(1/2509) Uterine peristalsis during the follicular phase of the menstrual cycle: effects of oestrogen, antioestrogen and oxytocin.
Uterine peristalsis, directing sustained and rapid sperm transport from the external cervical os or the cervical crypts to the isthmic part of the tube ipsilateral to the dominant follicle, changes in direction and frequency during the menstrual cycle, with lowest activity during menstruation and highest activity at mid cycle. It was therefore suggested that uterine peristalsis is under the control of the dominant follicle with the additional involvement of oxytocin. To test this hypothesis, vaginal sonography of uterine peristalsis was performed in the early, mid and late proliferative phases, respectively, of cycles of women treated with oestradiol valerate and with human menopausal gonadotrophin following pituitary downregulation, with clomiphene citrate and with intravenous oxytocin, respectively. Administration of oestradiol valerate resulted in oestradiol serum concentrations comparable with the normal cycle with a simulation of the normal frequency of peristaltic contractions. Elevated oestradiol concentrations and bolus injections of oxytocin resulted in a significant increase in the frequency of peristaltic contractions in the early and mid follicular phases, respectively. Chlomiphene tended, though insignificantly so, to suppress the frequency of peristaltic waves in the presence of elevated oestradiol concentrations. In the late follicular phase of the cycle extremely elevated oestradiol concentrations as well as the injection of oxytocin resulted only in an insignificant further increase of peristaltic frequency. In the normal cycles, as well as during extremely elevated oestradiol concentrations and following oxytocin administration, the peristaltic contractions were always confined to the subendometrial layer of the muscular wall. The results and the review of literature indicate that uterine peristalsis during the follicular phase of the menstrual cycle is controlled by oestradiol released from the dominant follicle with the probable involvement of oxytocin, which is presumably stimulated together with its receptor within the endometrial-subendometrial unit and therefore acting in an autocrine/paracrine fashion. Since unphysiological stimulation with oestradiol and oxytocin did not significantly increase the frequency of uterine peristalsis in the late follicular phase of the cycle it is assumed that normal preovulatory frequency of uterine peristalsis is at a level which cannot be significantly surpassed due to phenomena of refractoriness of the system. (+info)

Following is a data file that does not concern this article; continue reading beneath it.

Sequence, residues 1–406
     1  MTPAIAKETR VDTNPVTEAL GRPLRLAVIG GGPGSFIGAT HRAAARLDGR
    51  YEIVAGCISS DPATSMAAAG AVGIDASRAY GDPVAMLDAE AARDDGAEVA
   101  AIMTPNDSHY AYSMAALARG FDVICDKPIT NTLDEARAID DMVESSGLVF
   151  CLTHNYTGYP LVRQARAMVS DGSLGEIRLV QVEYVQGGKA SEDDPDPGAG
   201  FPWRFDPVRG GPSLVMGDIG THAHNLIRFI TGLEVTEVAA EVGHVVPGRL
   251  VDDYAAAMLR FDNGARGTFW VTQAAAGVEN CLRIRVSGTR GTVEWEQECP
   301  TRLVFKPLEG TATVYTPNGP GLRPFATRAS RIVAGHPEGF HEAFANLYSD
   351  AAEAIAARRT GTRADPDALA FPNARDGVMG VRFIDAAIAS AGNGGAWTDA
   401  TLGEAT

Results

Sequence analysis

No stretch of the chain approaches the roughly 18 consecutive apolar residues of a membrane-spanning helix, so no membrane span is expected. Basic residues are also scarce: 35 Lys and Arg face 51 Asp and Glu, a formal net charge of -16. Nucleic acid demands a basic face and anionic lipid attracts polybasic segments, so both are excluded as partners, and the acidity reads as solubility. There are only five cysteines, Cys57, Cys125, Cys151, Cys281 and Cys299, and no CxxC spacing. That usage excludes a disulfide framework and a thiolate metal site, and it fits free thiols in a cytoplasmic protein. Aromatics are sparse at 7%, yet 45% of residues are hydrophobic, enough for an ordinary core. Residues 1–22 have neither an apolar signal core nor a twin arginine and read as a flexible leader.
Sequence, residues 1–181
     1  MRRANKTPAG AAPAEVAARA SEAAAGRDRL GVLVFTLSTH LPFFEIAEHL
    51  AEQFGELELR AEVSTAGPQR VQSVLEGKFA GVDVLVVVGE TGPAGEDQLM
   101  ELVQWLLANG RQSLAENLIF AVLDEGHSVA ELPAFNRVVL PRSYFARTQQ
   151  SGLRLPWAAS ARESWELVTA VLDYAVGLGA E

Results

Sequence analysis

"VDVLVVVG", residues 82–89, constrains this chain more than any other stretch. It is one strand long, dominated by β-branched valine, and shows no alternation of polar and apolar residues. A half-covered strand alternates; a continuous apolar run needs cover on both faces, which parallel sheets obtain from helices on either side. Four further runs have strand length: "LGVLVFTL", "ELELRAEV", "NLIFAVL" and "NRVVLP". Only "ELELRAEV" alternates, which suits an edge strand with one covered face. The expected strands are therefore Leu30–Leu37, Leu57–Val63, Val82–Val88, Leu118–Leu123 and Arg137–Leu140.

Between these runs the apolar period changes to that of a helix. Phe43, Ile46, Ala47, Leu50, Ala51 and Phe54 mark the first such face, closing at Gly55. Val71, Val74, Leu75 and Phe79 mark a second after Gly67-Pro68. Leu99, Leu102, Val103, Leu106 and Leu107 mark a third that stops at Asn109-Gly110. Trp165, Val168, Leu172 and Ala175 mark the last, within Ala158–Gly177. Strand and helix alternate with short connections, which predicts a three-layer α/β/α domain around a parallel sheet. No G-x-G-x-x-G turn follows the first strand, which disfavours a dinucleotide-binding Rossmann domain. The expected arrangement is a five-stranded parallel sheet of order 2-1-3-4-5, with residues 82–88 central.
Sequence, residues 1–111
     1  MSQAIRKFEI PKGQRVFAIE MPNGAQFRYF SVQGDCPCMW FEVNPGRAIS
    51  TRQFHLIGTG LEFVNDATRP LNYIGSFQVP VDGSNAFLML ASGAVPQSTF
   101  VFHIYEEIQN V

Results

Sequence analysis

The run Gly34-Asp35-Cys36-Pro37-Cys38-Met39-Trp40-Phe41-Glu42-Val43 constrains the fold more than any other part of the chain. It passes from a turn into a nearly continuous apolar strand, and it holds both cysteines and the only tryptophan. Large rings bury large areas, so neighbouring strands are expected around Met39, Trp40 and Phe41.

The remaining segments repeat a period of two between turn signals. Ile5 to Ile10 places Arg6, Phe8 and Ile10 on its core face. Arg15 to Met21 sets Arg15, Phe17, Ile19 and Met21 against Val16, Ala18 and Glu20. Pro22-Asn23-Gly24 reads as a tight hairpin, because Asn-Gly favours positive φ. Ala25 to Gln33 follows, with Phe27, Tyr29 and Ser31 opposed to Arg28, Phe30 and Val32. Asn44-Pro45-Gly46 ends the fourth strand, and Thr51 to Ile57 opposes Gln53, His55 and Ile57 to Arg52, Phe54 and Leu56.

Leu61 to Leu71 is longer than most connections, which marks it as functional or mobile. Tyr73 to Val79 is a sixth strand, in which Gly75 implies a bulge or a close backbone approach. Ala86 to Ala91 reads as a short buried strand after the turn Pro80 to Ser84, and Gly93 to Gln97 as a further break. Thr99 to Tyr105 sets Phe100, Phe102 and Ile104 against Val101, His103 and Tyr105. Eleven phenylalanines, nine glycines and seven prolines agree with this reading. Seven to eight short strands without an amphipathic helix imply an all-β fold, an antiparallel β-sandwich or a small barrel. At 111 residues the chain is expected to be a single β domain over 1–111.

(2/2509) Expression of calcium binding protein D-9k messenger RNA in the mouse uterine endometrium during implantation.
To investigate the molecular mechanisms of implantation, we constructed a cDNA library of mouse uteri enriched with pregnancy-induced genes by subtractive hybridization and polymerase chain reaction (PCR). One of the isolated clones was the cDNA for the calcium binding protein D-9k (Cabp9k), which is considered to regulate intracytoplasmic concentration and transport of free calcium ions. Northern blot and in-situ hybridization analyses demonstrated that the Cabp9k mRNA was expressed in the endometrial epithelia, both luminal and glandular, in the uterus at the time of implantation. On pregnancy day 5 it was detected in the luminal, but not in the glandular, epithelia. In the oophorectomized adult mice, progesterone enhanced Cabp9k mRNA expression in the uterus, whereas oestrogen did not. Consistent with this, a nucleotide change was identified in the first intron of mouse Cabp9k gene corresponding to the oestrogen responsive element in the rat Cabp9k gene. Transfer of embryos into the uterine cavity of pseudopregnant mice reduced the expression of Cabp9k mRNA in the glandular epithelium, suggesting that Cabp9k mRNA expression is also regulated by embryonal signal(s). These findings demonstrated that Cabp9k mRNA is expressed in the endometrial epithelia during the implantation period under the control of progesterone and the presence of embryo, and suggest that CaBP9k plays a role in implantation by regulating the local calcium concentrations. (+info)